Merging Trustee Boards

13 Dec 2021

Different routes

Each trustee board develops a particular way of working and an individual culture. They generate different ideas; have different resources and knowledge. In short, each is unique. So, imagine trying the challenge of combining two very different trustee boards. This was what our client faced after the business had acquired a second large pension scheme as a result of an acquisition. Once the scheme merger negotiations were completed Muse facilitated the transition of the two boards into a successful merged trustee board with responsibility for the greatly enlarged pension fund.

The objective: combine two trustee boards that displayed radically different characteristics and ways of working. Quite simply, the boards weren't just different, they were at opposite ends of the spectrum on many issues; funding level; investment strategy; perceptions of covenant strength and so on. Likewise they had evolved radically different governance practices: multi-faceted support team vs access to a single Pensions Manager with wider responsibilities; delegations to committees and beyond vs ‘trustee board does everything'; outsourced administration vs. in-house, and, sophisticated vs. straightforward approaches to investment strategy implementation.

Meeting in the middle

The new scheme was to be: much bigger; arguably under-resourced and likely more demanding. It would also take some trustees outside their comfort zones. For example, one scheme brought with it a substantial legacy DC section that represented unfamiliar territory for the trustees of the other. To complicate matters further, the only time the two boards had met had been in negotiation mode to finalise the merger.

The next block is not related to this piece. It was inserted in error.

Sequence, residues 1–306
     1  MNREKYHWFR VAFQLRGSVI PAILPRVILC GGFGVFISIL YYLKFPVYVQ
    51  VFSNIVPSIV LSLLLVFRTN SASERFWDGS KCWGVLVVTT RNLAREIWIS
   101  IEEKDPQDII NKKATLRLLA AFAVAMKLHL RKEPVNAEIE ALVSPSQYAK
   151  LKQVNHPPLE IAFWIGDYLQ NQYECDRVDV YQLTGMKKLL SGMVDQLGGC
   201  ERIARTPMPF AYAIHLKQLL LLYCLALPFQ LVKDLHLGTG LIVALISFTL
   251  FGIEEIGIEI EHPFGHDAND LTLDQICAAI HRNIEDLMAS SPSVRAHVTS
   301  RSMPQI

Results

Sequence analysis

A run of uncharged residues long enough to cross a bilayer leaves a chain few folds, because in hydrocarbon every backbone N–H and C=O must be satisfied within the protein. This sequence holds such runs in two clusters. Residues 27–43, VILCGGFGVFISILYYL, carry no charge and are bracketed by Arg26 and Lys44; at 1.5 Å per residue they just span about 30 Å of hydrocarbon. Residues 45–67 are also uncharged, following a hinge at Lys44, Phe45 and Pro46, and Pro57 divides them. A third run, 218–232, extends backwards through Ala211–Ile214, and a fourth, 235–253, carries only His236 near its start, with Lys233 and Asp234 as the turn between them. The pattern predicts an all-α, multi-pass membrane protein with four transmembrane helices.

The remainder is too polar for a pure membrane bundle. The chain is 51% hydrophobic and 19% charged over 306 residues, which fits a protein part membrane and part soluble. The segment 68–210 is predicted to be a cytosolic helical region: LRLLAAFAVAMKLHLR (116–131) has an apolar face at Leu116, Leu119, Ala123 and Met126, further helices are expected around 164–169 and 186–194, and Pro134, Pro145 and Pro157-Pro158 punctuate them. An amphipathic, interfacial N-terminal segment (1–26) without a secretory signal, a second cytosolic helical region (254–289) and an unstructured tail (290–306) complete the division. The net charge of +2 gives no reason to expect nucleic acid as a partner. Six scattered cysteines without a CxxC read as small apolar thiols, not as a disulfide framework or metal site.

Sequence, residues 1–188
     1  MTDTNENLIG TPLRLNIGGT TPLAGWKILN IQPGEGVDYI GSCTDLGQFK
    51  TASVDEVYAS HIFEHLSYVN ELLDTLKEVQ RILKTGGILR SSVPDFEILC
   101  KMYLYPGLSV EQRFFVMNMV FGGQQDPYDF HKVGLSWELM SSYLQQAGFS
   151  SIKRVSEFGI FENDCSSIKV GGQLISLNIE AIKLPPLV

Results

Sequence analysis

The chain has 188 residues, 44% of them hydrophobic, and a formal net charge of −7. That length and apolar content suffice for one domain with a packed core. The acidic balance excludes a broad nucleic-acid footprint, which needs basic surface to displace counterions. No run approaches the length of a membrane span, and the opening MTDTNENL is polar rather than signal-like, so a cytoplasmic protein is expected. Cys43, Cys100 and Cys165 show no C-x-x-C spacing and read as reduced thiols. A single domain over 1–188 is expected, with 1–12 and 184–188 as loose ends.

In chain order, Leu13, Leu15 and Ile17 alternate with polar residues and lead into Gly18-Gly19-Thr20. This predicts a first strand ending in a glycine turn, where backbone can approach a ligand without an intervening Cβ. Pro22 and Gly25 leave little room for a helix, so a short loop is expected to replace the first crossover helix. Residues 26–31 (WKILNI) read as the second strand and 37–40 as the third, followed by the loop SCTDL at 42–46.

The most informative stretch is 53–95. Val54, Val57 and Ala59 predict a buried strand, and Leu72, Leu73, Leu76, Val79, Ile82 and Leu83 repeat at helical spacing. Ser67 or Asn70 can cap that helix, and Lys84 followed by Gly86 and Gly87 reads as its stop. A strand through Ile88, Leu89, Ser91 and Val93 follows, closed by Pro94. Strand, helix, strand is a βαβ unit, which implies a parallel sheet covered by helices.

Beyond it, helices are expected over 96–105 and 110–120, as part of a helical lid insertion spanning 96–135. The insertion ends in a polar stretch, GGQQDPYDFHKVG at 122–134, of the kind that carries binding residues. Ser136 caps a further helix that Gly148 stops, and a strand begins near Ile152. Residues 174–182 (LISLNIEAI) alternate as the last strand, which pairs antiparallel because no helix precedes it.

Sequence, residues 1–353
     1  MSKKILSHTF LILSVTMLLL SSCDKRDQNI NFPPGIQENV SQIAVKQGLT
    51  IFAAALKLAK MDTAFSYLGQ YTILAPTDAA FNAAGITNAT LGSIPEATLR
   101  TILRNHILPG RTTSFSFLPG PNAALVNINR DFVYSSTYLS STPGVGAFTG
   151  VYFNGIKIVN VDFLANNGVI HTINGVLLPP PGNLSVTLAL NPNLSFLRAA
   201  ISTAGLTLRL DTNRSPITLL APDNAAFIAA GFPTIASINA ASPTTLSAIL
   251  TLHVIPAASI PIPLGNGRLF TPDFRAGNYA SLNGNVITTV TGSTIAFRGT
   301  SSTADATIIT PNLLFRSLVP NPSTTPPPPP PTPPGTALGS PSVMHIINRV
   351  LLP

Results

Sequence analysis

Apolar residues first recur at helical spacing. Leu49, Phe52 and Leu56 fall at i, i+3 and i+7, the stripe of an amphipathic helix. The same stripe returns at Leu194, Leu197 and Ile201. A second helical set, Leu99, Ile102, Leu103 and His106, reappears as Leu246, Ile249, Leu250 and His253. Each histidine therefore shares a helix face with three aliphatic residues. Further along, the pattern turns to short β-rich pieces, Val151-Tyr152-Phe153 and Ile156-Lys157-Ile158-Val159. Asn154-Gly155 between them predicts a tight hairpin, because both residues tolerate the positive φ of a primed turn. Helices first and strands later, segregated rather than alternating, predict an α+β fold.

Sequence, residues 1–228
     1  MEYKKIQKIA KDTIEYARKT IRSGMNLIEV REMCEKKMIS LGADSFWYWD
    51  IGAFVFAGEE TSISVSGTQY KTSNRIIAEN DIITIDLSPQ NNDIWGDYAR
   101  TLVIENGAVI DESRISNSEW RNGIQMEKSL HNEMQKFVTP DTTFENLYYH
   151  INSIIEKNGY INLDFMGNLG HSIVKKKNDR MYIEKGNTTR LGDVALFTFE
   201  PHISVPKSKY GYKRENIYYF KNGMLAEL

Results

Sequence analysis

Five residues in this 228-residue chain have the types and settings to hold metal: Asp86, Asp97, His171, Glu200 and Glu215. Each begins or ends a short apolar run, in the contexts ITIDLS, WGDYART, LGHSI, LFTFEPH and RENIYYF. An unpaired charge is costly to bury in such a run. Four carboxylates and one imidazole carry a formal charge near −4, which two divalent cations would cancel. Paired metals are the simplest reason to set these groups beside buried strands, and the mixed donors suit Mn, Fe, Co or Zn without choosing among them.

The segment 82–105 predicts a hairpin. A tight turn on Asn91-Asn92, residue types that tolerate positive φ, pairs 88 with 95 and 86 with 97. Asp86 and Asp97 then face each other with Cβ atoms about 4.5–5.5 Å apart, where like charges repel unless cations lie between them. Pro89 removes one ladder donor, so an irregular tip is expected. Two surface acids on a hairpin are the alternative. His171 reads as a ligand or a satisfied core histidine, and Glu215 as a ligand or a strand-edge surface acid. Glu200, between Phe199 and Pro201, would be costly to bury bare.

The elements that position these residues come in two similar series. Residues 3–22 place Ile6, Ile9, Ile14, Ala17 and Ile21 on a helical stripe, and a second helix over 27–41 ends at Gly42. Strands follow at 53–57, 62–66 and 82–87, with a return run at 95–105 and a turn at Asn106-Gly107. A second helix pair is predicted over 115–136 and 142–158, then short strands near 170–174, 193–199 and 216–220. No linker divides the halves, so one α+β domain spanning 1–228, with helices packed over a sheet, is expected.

If your GPS sends you off in one direction, it is often tricky to fathom why someone else has favoured an alternative route. We wanted the two boards to understand the ‘whys' and ‘hows' of each other's journeys. Separate workshops were arranged for the two boards at which they were briefed by the other's professional advisers so they could study the maps and understand the choices and turns each other had taken along their respective journeys to date.

Next a mutually convenient ‘meeting point' was agreed - a suitable point to start the new, shared, journey into the future. We facilitated two workshops. The first focused on open, honest, high level discussion about the skills and experience they shared and the issues that needed to be prioritised. The second got into the detail of how they would work together and organise themselves to crack on with all the matters in hand.

A new journey

As a result of careful planning and commitment to each other, these very different boards came together and hit the ground running. By taking the time to: understand each other's journeys; develop respect for each other; agree objectives and determine the best utilisation of their combined resources and skills, the trustees have set off on their new journey all pulling in the same direction.

By the time of the merger, the trustees had developed a framework for their future governance that was appropriate to the needs of the combined pension schemes. Time will tell if the trustees got it right first time. The likelihood is that they will review and want to fine tune in the light of experience. But in the meantime the investment in planning should ensure that effective governance has been maintained both through and after the merger.

Key learnings

  • Regardless of the challenge, stepping back and taking the time to understand and discuss the issues can help achieve good outcomes.
  • It is important to dedicate time to setting governance objectives, and openly discussing the right approach.
  • Trustees need to be open to challenge, and willing to change the way they work as circumstances evolve.